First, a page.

WiFi Routers Franklin IN

Local resource for WiFi routers in Franklin. Includes detailed information on local businesses that provide access to wireless data transfer solutions, WiFi router buying guides, and WiFi router settings, as well as advice and content on WiFi devices and computer hardware.

NCR Corporation
(800) 225-5627
Franklin, IN
Business Services, Computer Peripherals

Data Provided by:
Wallace Computer Service
(317) 535-0724
2130 Woodsway Dr
Greenwood, IN
Computer Resource Management Inc
(317) 889-5830
8102 Valley Estates Dr
Greenwood, IN
Upgrade Mania
(317) 933-3613
8071 Bass Court
Nineveh, IN
Computer and Equipment Dealers, Computers and Equipment Wholesale and Manufacturers, Computer Parts and Supplies Wholesale and Manufacturers, Computer Upgrade Services, Computer Hardware and Supplies

Data Provided by:
Digital Data Forensics Llc
(317) 878-5431
4487 W Pitcher Dr
Trafalgar, IN
Total Accounting Solutions
(317) 885-0716
140 Suncrest Dr
Greenwood, IN
(317) 731-7777
62 S Park Blvd
Greenwood, IN
Essential Concepts Llc
(317) 889-5800
1201 Leisure Ln
Greenwood, IN
Thomas Williams & Associates
(317) 878-9609
6743 Sweetwater Dr
Nineveh, IN
Jack Henry & Associates
(317) 889-1950
1360 Whipporwill Cir
Greenwood, IN
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Digital Photo - WiFi Basics

WiFi Basics

Download, print, surf the web and more—the digital world is better when you cut the cord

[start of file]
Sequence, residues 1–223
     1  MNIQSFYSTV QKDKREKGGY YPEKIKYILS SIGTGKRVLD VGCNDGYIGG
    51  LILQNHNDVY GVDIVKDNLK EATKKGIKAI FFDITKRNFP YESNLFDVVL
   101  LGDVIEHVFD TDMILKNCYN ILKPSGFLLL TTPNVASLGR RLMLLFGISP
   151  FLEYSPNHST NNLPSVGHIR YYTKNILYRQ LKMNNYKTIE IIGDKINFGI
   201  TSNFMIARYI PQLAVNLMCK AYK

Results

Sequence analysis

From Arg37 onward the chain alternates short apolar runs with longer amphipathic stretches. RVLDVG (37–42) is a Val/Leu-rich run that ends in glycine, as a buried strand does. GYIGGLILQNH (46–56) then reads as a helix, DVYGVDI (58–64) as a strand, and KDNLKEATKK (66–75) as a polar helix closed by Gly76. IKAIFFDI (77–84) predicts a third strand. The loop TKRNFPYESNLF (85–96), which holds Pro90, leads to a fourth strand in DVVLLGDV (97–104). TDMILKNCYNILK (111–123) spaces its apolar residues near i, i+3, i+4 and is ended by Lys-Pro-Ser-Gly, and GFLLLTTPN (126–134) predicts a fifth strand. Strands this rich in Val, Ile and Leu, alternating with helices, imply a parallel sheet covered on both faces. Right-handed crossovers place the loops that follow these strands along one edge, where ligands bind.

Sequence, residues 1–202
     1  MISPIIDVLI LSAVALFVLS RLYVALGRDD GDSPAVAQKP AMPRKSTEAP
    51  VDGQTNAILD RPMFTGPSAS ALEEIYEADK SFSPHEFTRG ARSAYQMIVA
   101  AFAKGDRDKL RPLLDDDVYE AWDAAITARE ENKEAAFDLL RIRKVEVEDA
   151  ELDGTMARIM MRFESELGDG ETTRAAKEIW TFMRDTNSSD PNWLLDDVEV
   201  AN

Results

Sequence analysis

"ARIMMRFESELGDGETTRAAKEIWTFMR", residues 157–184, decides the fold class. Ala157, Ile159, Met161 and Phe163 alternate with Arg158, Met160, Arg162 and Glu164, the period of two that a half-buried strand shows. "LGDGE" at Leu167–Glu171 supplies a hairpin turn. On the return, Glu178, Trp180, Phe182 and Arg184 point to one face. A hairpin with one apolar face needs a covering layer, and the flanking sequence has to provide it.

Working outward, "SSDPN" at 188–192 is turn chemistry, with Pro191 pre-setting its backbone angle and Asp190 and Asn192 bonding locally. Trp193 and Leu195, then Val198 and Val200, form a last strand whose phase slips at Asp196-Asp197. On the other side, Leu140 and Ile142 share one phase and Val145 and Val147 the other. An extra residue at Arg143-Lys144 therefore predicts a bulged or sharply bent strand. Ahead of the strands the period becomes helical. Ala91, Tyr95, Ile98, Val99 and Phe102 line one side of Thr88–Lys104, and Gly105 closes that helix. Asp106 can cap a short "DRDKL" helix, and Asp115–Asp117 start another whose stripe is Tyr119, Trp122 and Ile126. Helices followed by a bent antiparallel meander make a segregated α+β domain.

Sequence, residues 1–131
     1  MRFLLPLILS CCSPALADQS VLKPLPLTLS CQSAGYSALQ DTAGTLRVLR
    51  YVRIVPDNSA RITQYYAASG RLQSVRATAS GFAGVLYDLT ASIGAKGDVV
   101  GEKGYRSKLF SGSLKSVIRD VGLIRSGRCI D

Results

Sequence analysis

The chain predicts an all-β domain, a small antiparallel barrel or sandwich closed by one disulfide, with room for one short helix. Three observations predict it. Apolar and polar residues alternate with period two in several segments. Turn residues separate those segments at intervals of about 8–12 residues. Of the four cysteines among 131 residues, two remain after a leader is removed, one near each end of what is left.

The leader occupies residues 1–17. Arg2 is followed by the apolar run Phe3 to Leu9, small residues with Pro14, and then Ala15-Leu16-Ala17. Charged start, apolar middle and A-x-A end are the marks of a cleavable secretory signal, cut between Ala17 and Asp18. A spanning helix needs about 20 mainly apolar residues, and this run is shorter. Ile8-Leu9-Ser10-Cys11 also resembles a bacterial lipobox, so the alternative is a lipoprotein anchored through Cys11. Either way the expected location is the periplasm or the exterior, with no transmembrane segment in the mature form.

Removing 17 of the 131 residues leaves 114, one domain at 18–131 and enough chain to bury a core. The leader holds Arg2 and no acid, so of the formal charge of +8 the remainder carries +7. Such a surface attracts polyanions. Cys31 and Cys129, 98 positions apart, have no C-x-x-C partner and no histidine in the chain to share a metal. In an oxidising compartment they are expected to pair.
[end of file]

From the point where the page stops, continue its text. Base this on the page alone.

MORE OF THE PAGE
Each of these refers to a slightly different implementation of the same technology, with varying capabilities in terms of speed and distance of data transfer. Most new devices use IEEE 802.11b or 802.11g, so you can't go wrong with an 802.11b/g device, as it supports both of the most common protocols (802.11a is rarely seen these days).

The difference between b and g is speed-b transfers data at speeds up to 11 Mbits/sec., while g operates at about 54 Mbits/sec.—roughly 1.4 and 6.8 Mbps, respectively. If you choose a wireless router with the b/g specification, you can connect the widest variety of devices and still take advantage of the faster speed with devices that support it.

Setting Up Your Home Network
Getting past the technical jargon is the most difficult part of going wireless. Once you've acquired the equipment, putting it all together is relatively easy.

First, select a location in your home for the wireless router. It's best to put it in a central location, if possible, to maximize reception throughout the house. WiFi devices can communicate through most walls and floors, but a central location will deliver the best results.

You'll want to place the router near your Internet modem so that they can be connected with—ahem—a wire, however. It doesn't matter what type of Internet connection you have, nor do you have to connect your network to the Internet, but you haven't lived until you've sent e-mail or surfed the web from your couch.


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